Ugandan Government Cautioned Against Double Taxation
CPA Joseph Gonzaga Kalinda, a Certified Tax Advisor and member of the Institute for Certified Public Accountants of Uganda (ICPAU), in a statement, has called upon the Government to drop the proposal of introducing a tax on cash withdrawals from banks.
He says taxing cash withdrawals amounts to double taxation, impeding financial deepening and affecting the savings and credit cooperative societies, among other businesses.
With the low statistics on the banked adult population, currently standing at less than three million people, the proposal is likely to impede financial deepening and its entire objectives. People will decide to keep money at home in bags, pots, below the beds and the like. The move will reduce money in circulation, reduce demand and as a result impact performance of businesses. This, in turn, will reduce profits and, as such, taxes to be collected.
Taxing cash withdraws amounts to double taxation. The money deposited in banks is through salaries or business proceeds. As the research shows, 81% of the population uses banks for savings after paying taxes such as Pay as You Earn and Income Tax.
Taxation of cash withdraws against the taxation principles of equity and fairness. Tax should only be collected when someone earns. Withdraw of cash from a bank is a residual process after earning has occurred and has already been subjected to appropriate taxation.
Through a Budget Consultation letter dated February 9, 2021, written by Patrick Ocailap, the deputy secretary to the Treasury, to the Governor Bank of Uganda, the finance ministry shows that it was proposed in their consultative meetings that they explore taxation of cash withdraws from commercial banks at 0.5% on the counter, agency banking and ATM withdraws just as it is with Mobile Money withdraws. The aim is to encourage cash-less transactions, promote e-commerce, and raise additional revenue, Ocailap said.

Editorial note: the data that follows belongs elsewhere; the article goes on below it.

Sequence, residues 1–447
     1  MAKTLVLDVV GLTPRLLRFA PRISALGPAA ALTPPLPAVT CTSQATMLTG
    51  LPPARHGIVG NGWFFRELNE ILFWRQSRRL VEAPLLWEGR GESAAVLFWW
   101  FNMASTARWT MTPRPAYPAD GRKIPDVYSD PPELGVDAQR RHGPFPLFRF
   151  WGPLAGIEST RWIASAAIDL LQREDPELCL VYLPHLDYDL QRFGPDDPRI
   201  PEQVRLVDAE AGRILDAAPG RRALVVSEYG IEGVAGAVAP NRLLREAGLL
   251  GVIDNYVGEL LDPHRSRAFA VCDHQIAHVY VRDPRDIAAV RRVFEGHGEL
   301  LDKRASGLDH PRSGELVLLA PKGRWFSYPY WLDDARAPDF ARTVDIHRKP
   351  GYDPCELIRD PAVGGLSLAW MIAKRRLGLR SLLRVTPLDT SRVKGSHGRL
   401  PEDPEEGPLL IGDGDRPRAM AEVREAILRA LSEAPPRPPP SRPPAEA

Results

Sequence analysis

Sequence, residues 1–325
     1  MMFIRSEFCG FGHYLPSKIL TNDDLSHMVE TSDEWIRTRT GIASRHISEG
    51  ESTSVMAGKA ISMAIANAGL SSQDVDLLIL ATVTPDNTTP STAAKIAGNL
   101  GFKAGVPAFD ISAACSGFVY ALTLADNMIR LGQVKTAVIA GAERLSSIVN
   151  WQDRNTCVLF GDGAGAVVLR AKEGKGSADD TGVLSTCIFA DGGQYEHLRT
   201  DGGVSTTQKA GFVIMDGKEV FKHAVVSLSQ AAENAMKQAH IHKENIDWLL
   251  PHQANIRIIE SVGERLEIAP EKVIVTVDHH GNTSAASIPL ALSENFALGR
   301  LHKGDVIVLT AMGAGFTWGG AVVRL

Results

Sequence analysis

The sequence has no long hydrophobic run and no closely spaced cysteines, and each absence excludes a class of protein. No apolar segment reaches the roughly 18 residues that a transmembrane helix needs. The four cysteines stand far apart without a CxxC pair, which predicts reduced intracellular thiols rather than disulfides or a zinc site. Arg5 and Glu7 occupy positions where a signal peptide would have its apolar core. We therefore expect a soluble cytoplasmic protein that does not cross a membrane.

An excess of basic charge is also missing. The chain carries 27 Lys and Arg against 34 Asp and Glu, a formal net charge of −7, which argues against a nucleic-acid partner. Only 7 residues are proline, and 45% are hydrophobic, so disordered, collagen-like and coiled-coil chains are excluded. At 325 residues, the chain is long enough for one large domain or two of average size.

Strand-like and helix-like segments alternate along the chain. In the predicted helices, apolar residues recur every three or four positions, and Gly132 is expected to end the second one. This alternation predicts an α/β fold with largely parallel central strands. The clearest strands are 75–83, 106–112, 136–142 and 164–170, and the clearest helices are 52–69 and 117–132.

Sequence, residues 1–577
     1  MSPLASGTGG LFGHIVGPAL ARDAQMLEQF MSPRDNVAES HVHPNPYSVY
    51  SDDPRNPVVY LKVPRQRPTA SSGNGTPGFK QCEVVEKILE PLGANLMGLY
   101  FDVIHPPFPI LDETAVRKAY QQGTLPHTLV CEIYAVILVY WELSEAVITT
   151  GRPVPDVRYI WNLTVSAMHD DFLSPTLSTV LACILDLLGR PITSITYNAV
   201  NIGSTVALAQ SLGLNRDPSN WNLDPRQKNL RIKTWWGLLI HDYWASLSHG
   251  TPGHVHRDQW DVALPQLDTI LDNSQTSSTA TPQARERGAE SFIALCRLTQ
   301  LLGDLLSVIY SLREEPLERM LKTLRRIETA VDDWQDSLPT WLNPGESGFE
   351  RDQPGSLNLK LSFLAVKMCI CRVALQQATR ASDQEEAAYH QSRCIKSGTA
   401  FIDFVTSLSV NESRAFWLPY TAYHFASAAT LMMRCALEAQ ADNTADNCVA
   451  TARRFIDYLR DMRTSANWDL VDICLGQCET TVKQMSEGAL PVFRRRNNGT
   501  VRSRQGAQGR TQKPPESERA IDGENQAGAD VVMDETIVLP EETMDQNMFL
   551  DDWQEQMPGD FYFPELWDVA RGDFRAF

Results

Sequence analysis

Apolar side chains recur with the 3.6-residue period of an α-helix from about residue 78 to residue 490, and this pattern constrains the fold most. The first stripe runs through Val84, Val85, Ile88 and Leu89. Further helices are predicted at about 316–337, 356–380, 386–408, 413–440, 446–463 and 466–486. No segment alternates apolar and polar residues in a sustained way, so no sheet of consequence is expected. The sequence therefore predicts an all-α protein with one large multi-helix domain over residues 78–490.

However, Kalinda says that this targeted taxation is to a group that is already in the tax bracket, more certainly. It will, therefore, not capture the targeted informal sector. Taxing the same group of people demoralizes and also reduces disposable income as well as new investments. The move will erode profits for forex bureaus, SACCOs and money remitters who frequently need to withdraw money to serve their clients. Many of the people being served by this financial services sector do not have bank accounts but again need their services.
According to the 2018 Financial Sector Deepening Uganda report on banking, the number of Ugandans without bank accounts or some form of structured and legal financial services currently stands at 89% or 16.5 million of the 18.6 million adult population in Uganda.
This implies that only 11% of the adult population in Uganda has accounts or uses legal, financial services, which indicates a need to continuously develop banking services that meet customers’ needs across all age groups.